To find support for this conclusion, the court need not go any further than to consider Papish v. Board of Curators of the Univ. of Missouri, 410 U.S. 667, 35 L. Ed. 2d 618, 93 S. Ct. 1197 (1973) (per curiam). The plaintiff in that case was a graduate student (as opposed to a graduate student-employee) enrolled in the University of Missouri School of Journalism who was expelled for distributing on campus a newspaper containing forms of indecent speech. Id. at 667. In considering the plaintiff's claims, the Supreme Court applied the principles it previously established in student speech cases such as Healy v. James, 408 U.S. 169, 33 L. Ed. 2d 266, 92 S. Ct. 2338 (1972) and Tinker v. Des Moines Indep. Community Sch. Dist., 393 U.S. 503, 21 L. Ed. 2d 731, 89 S. Ct. 733 (1969). The Court made it clear in Papish that a state university cannot punish a graduate student for the content of his or her speech. See Papish, 410 U.S. at 670-71. Application of the principles enumerated in Pickering did not enter into the Court's analysis, nor have the principles of Pickering and Connick ever been a part of the Court's analysis in student speech cases. Thus, whether the speech touches matters of private or public concern simply is not part of the proper analysis when considering a student's claim under the First Amendment.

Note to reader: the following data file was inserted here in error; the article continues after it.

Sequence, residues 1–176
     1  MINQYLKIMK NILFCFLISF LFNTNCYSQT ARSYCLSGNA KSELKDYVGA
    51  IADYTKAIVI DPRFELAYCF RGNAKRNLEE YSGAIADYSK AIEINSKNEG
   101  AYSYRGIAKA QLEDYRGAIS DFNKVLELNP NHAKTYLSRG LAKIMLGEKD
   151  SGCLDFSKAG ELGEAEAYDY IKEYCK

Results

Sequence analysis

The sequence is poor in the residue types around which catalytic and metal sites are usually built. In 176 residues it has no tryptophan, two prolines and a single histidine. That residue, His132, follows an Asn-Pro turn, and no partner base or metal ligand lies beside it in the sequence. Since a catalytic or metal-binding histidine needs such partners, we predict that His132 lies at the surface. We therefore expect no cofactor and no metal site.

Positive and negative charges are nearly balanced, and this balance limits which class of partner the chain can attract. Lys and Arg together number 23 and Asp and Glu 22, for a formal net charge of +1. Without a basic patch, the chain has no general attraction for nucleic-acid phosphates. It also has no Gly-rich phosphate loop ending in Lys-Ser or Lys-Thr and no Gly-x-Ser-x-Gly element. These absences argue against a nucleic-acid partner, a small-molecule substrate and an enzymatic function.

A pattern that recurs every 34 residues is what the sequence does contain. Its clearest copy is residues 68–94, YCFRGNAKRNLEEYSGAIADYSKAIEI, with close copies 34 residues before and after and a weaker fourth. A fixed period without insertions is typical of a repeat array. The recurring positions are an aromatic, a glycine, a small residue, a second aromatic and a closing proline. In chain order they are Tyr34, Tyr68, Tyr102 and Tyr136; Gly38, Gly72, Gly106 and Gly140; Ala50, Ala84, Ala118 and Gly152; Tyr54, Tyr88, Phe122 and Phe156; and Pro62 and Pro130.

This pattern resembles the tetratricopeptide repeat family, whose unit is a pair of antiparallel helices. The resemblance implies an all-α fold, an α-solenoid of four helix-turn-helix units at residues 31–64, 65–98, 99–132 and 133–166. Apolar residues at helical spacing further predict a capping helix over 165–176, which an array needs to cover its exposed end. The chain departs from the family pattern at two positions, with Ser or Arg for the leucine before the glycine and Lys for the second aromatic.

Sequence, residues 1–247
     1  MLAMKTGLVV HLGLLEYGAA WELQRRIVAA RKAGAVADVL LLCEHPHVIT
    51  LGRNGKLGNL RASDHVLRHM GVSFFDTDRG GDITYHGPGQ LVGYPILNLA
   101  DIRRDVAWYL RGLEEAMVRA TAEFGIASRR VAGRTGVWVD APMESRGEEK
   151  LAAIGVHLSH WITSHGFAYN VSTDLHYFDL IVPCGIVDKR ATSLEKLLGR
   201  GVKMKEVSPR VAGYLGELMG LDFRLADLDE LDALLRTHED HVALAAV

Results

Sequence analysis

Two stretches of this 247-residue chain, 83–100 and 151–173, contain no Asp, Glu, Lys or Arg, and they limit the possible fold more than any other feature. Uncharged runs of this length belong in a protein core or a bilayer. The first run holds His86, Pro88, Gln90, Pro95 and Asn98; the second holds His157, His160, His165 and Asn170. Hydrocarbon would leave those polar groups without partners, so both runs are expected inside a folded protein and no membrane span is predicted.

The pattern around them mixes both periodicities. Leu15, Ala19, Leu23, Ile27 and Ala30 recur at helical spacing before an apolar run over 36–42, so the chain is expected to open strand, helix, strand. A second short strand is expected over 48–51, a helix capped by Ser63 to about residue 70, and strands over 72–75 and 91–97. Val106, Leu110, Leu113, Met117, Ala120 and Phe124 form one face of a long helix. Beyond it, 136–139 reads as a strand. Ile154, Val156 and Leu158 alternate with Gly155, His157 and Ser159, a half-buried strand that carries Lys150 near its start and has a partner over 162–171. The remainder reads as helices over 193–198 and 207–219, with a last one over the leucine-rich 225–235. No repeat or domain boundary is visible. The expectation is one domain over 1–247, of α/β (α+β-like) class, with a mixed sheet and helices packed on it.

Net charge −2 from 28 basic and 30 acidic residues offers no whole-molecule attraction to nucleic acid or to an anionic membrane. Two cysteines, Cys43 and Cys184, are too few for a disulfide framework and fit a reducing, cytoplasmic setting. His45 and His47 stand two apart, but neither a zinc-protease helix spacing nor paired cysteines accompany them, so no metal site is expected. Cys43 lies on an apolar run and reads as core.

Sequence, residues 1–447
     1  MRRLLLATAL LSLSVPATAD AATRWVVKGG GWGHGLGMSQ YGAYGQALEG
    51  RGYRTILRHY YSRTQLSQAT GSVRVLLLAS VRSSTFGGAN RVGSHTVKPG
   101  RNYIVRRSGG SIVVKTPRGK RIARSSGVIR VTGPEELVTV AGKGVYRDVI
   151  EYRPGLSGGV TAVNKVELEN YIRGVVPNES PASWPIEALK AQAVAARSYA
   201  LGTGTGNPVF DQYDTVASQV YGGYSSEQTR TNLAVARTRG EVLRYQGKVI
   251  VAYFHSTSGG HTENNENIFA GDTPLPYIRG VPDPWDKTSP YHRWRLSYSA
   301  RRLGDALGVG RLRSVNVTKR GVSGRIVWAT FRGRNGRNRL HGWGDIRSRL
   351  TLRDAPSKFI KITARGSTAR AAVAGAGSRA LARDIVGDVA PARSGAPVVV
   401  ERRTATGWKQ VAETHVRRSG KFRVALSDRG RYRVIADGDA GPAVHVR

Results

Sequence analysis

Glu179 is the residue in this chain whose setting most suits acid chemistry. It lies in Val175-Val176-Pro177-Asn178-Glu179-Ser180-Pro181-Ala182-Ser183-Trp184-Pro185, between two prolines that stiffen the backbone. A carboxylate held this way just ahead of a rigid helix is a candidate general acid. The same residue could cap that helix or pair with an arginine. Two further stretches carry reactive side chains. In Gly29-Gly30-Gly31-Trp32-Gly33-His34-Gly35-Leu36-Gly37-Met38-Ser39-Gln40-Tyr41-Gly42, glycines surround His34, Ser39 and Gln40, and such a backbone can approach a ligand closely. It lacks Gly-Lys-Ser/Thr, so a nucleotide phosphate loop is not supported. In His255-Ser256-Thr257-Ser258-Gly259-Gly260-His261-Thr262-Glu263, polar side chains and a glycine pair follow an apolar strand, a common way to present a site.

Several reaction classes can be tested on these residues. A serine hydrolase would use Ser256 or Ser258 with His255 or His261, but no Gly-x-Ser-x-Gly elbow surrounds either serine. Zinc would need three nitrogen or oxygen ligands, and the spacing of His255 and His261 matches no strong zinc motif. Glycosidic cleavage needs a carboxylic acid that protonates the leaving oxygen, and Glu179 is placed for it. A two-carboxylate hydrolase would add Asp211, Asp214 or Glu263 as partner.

Having concluded that plaintiff has rebutted the first prong of the qualified immunity defense, the court turns to the second prong-- whether the constitutional standards were clearly established at the time defendants acted. Plaintiff cites to Perry v. Sindermann, 408 U.S. 593, 33 L. Ed. 2d 570, 92 S. Ct. 2694 (1972) for his argument that it is obviously a violation of the Constitution for a governmental body to retaliate against a person for exercising his or her First Amendment rights. In response to this argument, defendants contend that plaintiff improperly frames the issue too broadly, relying on Mozzochi v. Borden, 959 F.2d 1174, 1178-79 (2d Cir. 1992). Framing the issue to be whether it is a violation of the First Amendment for university professors to retaliate against a graduate student for his complaining about private disputes with his professors, defendants contend that there is no case which even remotely reaches the required level of specificity.